Problem No. 42, 2


Line

The problem

Recently I browsed through Eric Jannersten's book Find the Mistakes. Pretty soon I realized that the plays Jannerstens calls Bad plays often don't deserve to be called that, or that the plays he calls Good plays don't mean declarer played optimally. A telling example is the one with number 24.

South dealer, North-South vulnerable

S 8 4
H A K 7 3
D K Q 9 7 4 2
C 6
S K 10 7 6 Table S A J 3
H J 9 6 5 H 8 2
D 10 3 D J 6 5
C Q 9 5 C K 10 8 4 3
S Q 9 5 2
H Q 10 4
D A 8
C A J 7 2

South West North East
1 C pass 1 D pass
1 S pass 2 H pass
2NT pass 3NT pass
pass pass

West led the five of hearts. In the "bad play", declarer won the opening lead with the ten of hearts. He played diamonds from the top and emerged with eleven tricks. But he is crtiziced for playing like that by Jannersten. In describing how South should have played, the layout is changed to this one:

S 8 4
H A K 7 3
D K Q 9 7 4 2
C 6
S K 10 7 6 Table S A J 3
H J 9 6 5 H 8 2
D 10 D J 6 5 3
C Q 9 5 3 C K 10 8 4
S Q 9 5 2
H Q 10 4
D A 8
C A J 7 2

When South after the ten of hearts cashed ace and king of diamonds, West threw a heart; and on the queen of diamonds, West pitched a club. When East gained the lead with the jack of diamonds, he alertly shifted to the jack of spades, covered with the queen and the king. West played the spade six to East's ace, and then the three of spades gave West two more spade tricks. 3 notrump was thus defeated.

"South erred at trick one", Jannersten writes. "He shouldn't be greedy but go up with dummy's ace. Then he plays a low diamond towards his hand. If East follows, South just covers East's card. Then he does what he can to stop East from gaining the lead. Here, West wins the trick with his singleton ten, but South's spade stopper is secured. Should West lead a low spade to East's ace, South then covers the jack of spades and has the nine left to stop the suit with."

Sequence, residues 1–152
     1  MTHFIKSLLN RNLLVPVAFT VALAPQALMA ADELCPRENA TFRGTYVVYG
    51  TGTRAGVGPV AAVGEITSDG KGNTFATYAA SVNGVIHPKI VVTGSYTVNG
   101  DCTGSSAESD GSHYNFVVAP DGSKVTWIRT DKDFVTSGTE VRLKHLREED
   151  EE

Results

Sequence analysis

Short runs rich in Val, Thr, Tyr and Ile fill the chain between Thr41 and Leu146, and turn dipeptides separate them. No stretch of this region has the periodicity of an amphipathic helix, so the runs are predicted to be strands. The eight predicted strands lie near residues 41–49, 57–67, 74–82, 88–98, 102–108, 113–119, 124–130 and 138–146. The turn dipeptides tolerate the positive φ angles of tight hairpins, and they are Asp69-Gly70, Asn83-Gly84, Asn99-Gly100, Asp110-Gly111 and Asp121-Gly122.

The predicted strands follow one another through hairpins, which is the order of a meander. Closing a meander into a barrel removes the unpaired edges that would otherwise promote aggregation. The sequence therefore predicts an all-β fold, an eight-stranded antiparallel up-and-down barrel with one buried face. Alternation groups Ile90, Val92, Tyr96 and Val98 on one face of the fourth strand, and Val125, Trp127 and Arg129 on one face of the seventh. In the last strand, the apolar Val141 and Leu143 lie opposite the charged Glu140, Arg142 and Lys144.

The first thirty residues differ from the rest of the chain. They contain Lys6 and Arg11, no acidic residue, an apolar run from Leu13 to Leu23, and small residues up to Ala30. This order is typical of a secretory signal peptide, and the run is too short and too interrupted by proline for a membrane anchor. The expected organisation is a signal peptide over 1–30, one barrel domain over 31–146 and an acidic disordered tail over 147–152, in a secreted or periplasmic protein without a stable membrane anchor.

It is correct, as Jannersten writes, that the contract is secured if the declarer loses a diamond trick to West, but not if East gains the lead. Still, I disagree with Eric Jannersten. I prefer to call the latter plan "bad" and the former "good". But why?


Solution

Most books teaching IMPs strategy states the most important thing is to ensure the contract. If you miss an overtrick or another, it's a cheap insurance compared to going down in a makeable game or slam.
   This doesn't always hold true, since if the layout you cater to is rare, you will lose more IMPs in the long run if you play for safety compared to those not bothering about the unlikely layout. Simple mathematics.
   In this case, Jannersten's line leads to just made (or an overtrick if ace-king of spades are in the same hand), if you choose his "good play", while those choosing the "bad play" will make two overtricks. If East has J-10 or J-10-x in diamonds, you cannot but make the contract, so we don't count those cases. In the remaining 3-2 splits playing "well" lose 2 IMPs. It is roughly half of the deals, so protecting against West's honor singleton in diamonds will cost 100 IMPs over 100 deals.
   And even if West had jack or ten singleton of diamonds, 3 notrump still makes unless the the opponents can win four spade tricks. That is possible only if West has precisely four spades and East-West can win four spade tricks. The chance for a singleton honor in diamonds with West is 2.8%, and if we to that add that he also needs to have precisely four spades (headed by at least the king or the ace), we are down to, say, 2% (probably less than that). In those few percentages we win 12 IMPs per deal for playing safe.
   To conclude: Jannersten's recommended plan wins 24 IMPs in those deals where a safety play was neded, but it loses 100 IMPs when it wasn't. So, on average, a player not playing for safety will win 0.76 IMPs per deal.


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